Review: Bears (Alberta Aboriginal Performing Arts/Punctuate!)

Playing at the Theatre Centre in Toronto, Bears explores our environmental impact

Matthew MacKenzie’s Bears, presented by Alberta Aboriginal Performing Arts and Punctuate! (in association with Native Earth Performing Arts) and currently playing at The Theatre Centre, is a rich and beguiling theatrical experience. 

There’s been an accident on the Kinder Morgan Pipeline and Floyd is on the run from the RCMP. As he travels cross country, following the path of the pipeline, he has whimsical interactions with a plethora of wildlife and recalls formative experiences from his childhood. He shares with us the advice his mother passed on before she died, insightful little kernels that helped him to survive growing up native in a world that seemed intent on destroying his spirit.

As Floyd, Sheldon Elter is a charismatic, thrilling presence. He narrowly evades capture by the authorities while these local creatures help him along the way. He shares his experiences with various animals and highlights the particular charms of each.

Though he loves all creatures, he has a particular affinity for grizzly bears. It is this deep, visceral connection to grizzlies that begins to alter his own physical presence. And Elter conveys this subtle, sensual transformation expertly.

There is a chorus of dancers that portray this wildlife. It is great fun to watch them sweep him up into the writhing, fluttering mass of flora and fauna they represent.

Monica Dottor’s choreography is intuitive, sensual, deeply poignant and very funny. She seems aware that dance bits are, potentially, sort of goofy; she incorporates this into the movement, openly acknowledging the inherent silliness without ever poking fun at the content itself.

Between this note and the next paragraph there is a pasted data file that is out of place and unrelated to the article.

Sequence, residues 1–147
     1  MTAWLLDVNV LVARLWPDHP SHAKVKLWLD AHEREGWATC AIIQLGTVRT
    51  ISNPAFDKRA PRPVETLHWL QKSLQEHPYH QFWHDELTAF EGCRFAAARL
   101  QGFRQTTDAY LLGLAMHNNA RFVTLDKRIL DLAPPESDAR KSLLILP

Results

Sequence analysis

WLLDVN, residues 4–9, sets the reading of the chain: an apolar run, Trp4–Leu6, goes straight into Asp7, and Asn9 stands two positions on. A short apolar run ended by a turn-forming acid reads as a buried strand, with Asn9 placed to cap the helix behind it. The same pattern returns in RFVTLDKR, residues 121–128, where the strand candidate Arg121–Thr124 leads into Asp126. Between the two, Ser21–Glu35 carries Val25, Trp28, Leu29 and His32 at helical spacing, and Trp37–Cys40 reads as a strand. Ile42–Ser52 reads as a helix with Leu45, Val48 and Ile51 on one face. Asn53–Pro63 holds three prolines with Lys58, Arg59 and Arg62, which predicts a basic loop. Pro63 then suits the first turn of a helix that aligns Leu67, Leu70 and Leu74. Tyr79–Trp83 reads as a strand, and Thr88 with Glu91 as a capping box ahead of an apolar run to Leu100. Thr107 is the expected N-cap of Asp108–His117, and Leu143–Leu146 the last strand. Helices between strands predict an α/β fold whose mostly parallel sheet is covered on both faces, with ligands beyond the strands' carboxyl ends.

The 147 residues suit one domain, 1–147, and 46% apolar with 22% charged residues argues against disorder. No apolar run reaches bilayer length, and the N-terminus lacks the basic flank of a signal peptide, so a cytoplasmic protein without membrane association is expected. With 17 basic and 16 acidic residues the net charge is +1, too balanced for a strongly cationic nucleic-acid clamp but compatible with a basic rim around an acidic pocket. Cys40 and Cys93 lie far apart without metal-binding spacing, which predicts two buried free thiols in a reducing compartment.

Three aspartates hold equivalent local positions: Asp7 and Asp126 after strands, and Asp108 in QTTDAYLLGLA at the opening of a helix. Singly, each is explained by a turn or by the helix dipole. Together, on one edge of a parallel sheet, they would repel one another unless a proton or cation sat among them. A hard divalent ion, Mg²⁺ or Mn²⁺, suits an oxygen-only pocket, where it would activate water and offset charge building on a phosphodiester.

And T Erin Gruber’s set, for all its simplicity, is a wondrous, pulsing, hypnotic environment. With just hung fabric that catches the light of colourful projections, the effect immerses you fully in the textures and vibrant images of MacKenzie’s lyrical text.

Steeped in aboriginal mythos, the story passionately wears its environmental and humanitarian concerns on its sleeve. They are concerns I share. There is, however, an aspect to the ideology I’m not sure I can completely buy into. The play very harshly condemns industrialized progress for destructive disregard for the natural world. We have certainly not been as responsible or compassionate with our progress as we should be, but it is difficult for me to accept the idea that nature is perfectly balanced and inherently peaceful. Humanity—and the ambition and greed that has driven so much of our plundering—is very much a product of nature.

And perhaps that is the what makes this show so enriching. For those who care to unpack their own relationship to natural world and the industries that endanger it, the play encourages you to seek out ways to reconcile respect for our planet with the realities of a modern, urban lifestyle.

Bears is a thoroughly compelling story, very clear in its message, and full of magic.

Details:

  • Bears plays until January 27, 2018 at The Theatre Centre (1115 Queen Street West)
  • All shows are at 8:00 pm. (No show on Sunday, January 21)
  • Tickets are $25, Student & Seniors tickets are $17
  • Tickets can be purchased online at www.theatrecentre.org or by calling 416.538.0988

Photo featuring Sheldon Elter, with (left to right) Lara Ebata, Gianna Vacirca, Skye Demas, Alida Kendell, Zoe Glassman, Kendra Shorter, Rebecca Sadowski by Alexis McKeown

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